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Performance Shows New Side of Mitchell Print-ready version

by Rob Lowman
Daily News of Los Angeles
May 15, 2000

Stand close to a painting, and colors explode, overwhelming the senses. Stand farther back and relationships develop that you were unable to see close up. Listen to Joni Mitchell's 1967 version of "Both Sides Now" and you hear a song written and performed by a young woman that's an admission: "I really don't know life at all," she sings, partly resigned to it, partly determined to learn more. Then turn to the version on her recent album, aptly titled "Both Sides Now," the simple guitar accompaniment is replaced by lush, slowly bowed strings. The pause between "life" and "at all" more pronounced, like a declaration of independence.

Which brings us to Mitchell's concert at the Greek Theatre on Friday night to promote the album that is mostly a collection of old standards like "At Last" and "Stormy Weather," which the singer/songwriter describes as "a journey through romantic love - from the smitten part to the broken heart."

Accompanied by a full orchestra against a starry backdrop (but a hazy Los Angeles sky), Mitchell in a sweeping puce dress took the stage and launched into "You're My Thrill." Her voice has taken on a huskiness, giving her singing an edge appropriate for this new torch-singer persona. Throughout the evening she usually kept her arms by her side with her elbows bent, her hands giving expression to the songs while her hips and shoulders swayed sensuously to the rhythms.

Though a performer for more than 30 years, Mitchell has never looked entirely comfortable on stage. But the rust that was evident two years ago when she appeared in L.A is gone. She joked with the audience and appeared relaxed, even if were the first night of an 11 city tour. Still it was evident that the music was the important thing, as she would often stand rock still before a song, concentrating as if she were a diver about to do a triple flip with a double twist.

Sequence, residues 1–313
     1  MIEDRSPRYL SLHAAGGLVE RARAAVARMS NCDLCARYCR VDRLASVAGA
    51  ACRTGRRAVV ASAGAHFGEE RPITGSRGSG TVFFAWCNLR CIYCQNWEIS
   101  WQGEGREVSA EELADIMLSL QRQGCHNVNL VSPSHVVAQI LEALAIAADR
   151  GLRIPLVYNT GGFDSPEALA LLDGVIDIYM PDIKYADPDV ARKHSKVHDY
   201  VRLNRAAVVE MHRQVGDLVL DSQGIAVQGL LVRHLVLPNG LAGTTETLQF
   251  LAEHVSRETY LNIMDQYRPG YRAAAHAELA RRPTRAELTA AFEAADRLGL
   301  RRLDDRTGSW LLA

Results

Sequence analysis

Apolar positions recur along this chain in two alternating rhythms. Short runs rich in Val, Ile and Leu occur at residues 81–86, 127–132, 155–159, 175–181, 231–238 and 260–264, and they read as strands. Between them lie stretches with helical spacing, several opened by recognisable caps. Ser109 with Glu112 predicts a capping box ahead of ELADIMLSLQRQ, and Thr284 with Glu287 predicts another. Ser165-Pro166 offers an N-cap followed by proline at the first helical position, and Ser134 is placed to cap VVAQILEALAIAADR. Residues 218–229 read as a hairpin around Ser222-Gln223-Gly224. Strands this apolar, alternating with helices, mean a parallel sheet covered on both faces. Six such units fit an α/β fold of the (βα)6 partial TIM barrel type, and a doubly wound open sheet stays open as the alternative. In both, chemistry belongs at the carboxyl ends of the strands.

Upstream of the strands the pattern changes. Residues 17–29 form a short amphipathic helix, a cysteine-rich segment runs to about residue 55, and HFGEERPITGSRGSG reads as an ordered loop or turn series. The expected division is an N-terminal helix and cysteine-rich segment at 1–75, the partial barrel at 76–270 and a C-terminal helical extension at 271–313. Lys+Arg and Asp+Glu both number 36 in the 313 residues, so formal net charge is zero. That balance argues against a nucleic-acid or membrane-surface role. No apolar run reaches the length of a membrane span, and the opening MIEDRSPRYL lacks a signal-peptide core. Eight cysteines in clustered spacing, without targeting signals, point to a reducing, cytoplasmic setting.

And while Mitchell has ventured into world of jazz before, never in quite this way. She had some great backup, though. Besides the orchestral arrangements, which were beautiful when kept simple, jazz great Herbie Hancock joined her on piano for a few numbers, including "Sometimes I'm Happy" and "I Wish I were in Love Again" while trumpeter/composer Mark Isham was featured on "Comes Love" and "Don't go to Strangers" among others. And musical director Larry Klein played a scintillating bass on one of her encore numbers.

Still, the concert and the album beg the question: Is this a novelty or a new part of Mitchell's career. After all, her performances on these standards aren't likely to make us forget some exquisite versions of them by other singers. Her voice sometimes betrays her, not quite giving a note the fullness it deserves, and a few times she made some odd choices in her phrasing and emphasis.

Nevertheless, this did little to detract from the night. Each song was like another brushstroke, adding to the overall picture, and Mitchell grew more confident in her performance throughout the evening, creating the effect she wanted, whether it was with a standard or a reinterpretation of one of her old songs like "A Case of You." Like all artists, Mitchell as gone through different phases, exploring different forms of music. Some more successful than others. In this one she seems to have has freed herself from her past in order to examine it. Look at the self-portrait on the cover of "Both Side Now," it's not the Mitchell of "Big Yellow Taxi." We now have another side of Joni Mitchell, and Friday's show was an intriguing taste of it.

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Added to Library on September 18, 2002. (6024)


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